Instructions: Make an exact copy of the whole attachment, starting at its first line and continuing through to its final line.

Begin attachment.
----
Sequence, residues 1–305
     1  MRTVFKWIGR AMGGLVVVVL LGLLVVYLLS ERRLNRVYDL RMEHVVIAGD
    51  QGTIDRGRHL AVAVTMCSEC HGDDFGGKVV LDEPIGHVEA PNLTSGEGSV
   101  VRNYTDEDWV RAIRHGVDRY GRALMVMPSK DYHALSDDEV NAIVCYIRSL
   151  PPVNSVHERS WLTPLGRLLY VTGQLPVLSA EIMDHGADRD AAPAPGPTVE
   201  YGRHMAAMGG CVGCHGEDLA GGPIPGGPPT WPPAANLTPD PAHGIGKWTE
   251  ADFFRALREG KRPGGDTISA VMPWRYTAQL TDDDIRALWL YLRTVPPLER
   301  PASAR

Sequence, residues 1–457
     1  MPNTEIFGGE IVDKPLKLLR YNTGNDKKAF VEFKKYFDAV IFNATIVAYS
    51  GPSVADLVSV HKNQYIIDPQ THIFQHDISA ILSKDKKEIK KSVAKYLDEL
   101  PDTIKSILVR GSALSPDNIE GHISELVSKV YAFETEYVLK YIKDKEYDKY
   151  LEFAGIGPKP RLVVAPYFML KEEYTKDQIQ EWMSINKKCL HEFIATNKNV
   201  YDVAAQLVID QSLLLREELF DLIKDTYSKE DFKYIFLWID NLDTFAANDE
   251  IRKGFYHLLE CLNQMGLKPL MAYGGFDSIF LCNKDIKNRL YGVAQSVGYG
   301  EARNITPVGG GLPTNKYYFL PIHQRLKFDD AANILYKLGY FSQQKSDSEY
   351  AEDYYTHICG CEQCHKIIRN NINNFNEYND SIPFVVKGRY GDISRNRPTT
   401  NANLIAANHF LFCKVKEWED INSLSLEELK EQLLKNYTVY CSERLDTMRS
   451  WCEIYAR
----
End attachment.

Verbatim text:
Sequence, residues 1–305
     1  MRTVFKWIGR AMGGLVVVVL LGLLVVYLLS ERRLNRVYDL RMEHVVIAGD
    51  QGTIDRGRHL AVAVTMCSEC HGDDFGGKVV LDEPIGHVEA PNLTSGEGSV
   101  VRNYTDEDWV RAIRHGVDRY GRALMVMPSK DYHALSDDEV NAIVCYIRSL
   151  PPVNSVHERS WLTPLGRLLY VTGQLPVLSA EIMDHGADRD AAPAPGPTVE
   201  YGRHMAAMGG CVGCHGEDLA GGPIPGGPPT WPPAANLTPD PAHGIGKWTE
   251  ADFFRALREG KRPGGDTISA VMPWRYTAQL TDDDIRALWL YLRTVPPLER
   301  PASAR

Sequence, residues 1–457
     1  MPNTEIFGGE IVDKPLKLLR YNTGNDKKAF VEFKKYFDAV IFNATIVAYS
    51  GPSVADLVSV HKNQYIIDPQ THIFQHDISA ILSKDKKEIK KSVAKYLDEL
   101  PDTIKSILVR GSALSPDNIE GHISELVSKV YAFETEYVLK YIKDKEYDKY
   151  LEFAGIGPKP RLVVAPYFML KEEYTKDQIQ EWMSINKKCL HEFIATNKNV
   201  YDVAAQLVID QSLLLREELF DLIKDTYSKE DFKYIFLWID NLDTFAANDE
   251  IRKGFYHLLE CLNQMGLKPL MAYGGFDSIF LCNKDIKNRL YGVAQSVGYG
   301  EARNITPVGG GLPTNKYYFL PIHQRLKFDD AANILYKLGY FSQQKSDSEY
   351  AEDYYTHICG CEQCHKIIRN NINNFNEYND SIPFVVKGRY GDISRNRPTT
   401  NANLIAANHF LFCKVKEWED INSLSLEELK EQLLKNYTVY CSERLDTMRS
   451  WCEIYAR